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Measuring mass without a balance

  1. Jul 12, 2011 #1
    1. The problem statement, all variables and given/known data
    You are to design, build and test a method to accurately measure the mass of an object. You cannot directly weigh the object but must use experimental data to determine your result. You cannot build any type of spring balance or beam balance. You are to determine your method of gathering information and how to analyse data to determine the mass.

    The object will be a premeasured amount of sand in a specimen jar. The mass force of both the object and its container will be considered the force that you are to determine. The mass of the object will be between 50g and 200g. You will be provided with 4 x 50g masses and a 50g mass carrier to calibrate your device on the day

    3. The attempt at a solution
    I thought the easiest way to find the mass would be to fill a beaker to the top, put the object in, and measure the water that overflowed. The last sentence in the question made me think twice about that method. I am on the right track or not?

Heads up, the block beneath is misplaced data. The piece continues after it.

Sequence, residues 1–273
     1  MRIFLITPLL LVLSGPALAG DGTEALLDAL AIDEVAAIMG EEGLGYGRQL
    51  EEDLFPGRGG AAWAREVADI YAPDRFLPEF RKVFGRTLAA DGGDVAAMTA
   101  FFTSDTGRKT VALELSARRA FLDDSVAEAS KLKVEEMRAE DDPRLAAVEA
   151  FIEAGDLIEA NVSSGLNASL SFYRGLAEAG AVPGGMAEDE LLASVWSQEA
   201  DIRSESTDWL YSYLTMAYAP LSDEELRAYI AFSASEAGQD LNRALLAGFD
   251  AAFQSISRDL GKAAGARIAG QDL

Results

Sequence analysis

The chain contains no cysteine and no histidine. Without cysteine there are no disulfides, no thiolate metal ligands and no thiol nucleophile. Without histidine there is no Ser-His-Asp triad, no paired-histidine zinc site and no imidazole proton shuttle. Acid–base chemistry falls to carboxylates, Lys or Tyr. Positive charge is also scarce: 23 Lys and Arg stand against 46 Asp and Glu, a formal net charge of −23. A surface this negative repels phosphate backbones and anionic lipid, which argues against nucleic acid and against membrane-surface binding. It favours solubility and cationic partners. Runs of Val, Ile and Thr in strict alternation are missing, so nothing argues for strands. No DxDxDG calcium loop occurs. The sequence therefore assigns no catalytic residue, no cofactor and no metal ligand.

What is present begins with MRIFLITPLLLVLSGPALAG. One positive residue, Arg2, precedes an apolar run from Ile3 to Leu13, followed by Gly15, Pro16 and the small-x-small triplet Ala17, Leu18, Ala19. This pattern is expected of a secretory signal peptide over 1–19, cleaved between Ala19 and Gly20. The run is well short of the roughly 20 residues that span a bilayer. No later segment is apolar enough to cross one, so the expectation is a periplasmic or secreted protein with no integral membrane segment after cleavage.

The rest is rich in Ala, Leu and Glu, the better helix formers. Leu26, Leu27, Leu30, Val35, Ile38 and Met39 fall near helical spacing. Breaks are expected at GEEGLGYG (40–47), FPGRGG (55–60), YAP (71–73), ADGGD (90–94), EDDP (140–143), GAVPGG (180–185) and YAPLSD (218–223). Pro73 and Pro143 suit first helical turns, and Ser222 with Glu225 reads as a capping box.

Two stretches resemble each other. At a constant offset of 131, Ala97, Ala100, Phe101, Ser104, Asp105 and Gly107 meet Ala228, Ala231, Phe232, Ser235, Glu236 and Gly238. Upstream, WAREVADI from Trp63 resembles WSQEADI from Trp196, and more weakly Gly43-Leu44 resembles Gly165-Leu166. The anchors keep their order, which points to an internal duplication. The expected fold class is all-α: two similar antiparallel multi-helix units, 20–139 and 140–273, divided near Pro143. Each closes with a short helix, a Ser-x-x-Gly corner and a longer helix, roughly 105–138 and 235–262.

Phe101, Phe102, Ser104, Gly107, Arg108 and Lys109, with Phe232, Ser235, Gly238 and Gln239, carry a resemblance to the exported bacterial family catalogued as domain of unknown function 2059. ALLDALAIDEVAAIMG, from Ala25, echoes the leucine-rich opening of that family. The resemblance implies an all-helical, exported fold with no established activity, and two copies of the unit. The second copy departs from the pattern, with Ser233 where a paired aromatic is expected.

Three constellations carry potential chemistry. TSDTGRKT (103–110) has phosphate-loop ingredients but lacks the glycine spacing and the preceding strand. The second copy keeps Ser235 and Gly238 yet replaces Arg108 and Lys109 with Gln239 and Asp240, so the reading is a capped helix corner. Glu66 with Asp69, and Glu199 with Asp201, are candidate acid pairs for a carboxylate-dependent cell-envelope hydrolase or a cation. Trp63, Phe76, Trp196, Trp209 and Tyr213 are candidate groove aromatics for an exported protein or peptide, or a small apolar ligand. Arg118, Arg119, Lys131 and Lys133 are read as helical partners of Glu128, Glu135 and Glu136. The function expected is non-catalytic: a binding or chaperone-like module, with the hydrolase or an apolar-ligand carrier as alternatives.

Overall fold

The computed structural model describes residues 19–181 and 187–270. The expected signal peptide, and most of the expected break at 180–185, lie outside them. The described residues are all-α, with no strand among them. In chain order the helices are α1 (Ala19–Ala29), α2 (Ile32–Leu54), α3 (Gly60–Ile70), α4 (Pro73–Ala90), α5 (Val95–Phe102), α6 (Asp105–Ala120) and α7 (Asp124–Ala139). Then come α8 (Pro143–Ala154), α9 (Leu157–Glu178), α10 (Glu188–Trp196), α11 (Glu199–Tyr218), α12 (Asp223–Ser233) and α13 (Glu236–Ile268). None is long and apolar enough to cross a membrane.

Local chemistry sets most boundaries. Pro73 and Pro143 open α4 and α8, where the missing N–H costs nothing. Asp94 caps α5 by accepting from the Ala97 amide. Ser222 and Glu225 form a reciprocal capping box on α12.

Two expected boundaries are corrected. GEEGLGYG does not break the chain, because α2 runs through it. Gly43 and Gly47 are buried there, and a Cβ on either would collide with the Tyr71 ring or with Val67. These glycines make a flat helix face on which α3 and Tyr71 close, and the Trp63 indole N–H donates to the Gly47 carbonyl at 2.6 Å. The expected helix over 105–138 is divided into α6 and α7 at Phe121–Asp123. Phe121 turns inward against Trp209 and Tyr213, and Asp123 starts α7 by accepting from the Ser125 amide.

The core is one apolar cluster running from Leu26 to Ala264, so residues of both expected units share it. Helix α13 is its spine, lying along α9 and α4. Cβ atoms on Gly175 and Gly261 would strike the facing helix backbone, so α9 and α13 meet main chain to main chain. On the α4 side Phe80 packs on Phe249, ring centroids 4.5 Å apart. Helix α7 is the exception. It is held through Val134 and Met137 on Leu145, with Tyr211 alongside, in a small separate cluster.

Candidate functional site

2. jcsd
  3. Jul 12, 2011 #2
    How about this:

    http://www.nasa.gov/mission_pages/station/research/experiments/SLAMMD.html [Broken]
     
    Last edited by a moderator: May 5, 2017
  4. Jul 12, 2011 #3
    that helps, but i am unsure to how i could use that in relation to my experiment. i know F=ma, but how could i find the acceleration?
     
  5. Jul 12, 2011 #4
    Is this a question from the current International Physics Olympiad? If so, I would consider it cheating and request this thread be closed.
     
  6. Jul 13, 2011 #5
    yes , your are doing correct ,
    the mass of an object can be measured through the specific gravity experiment .
     
  7. Jul 13, 2011 #6

    berkeman

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    Staff: Mentor

    Thread closed.
     
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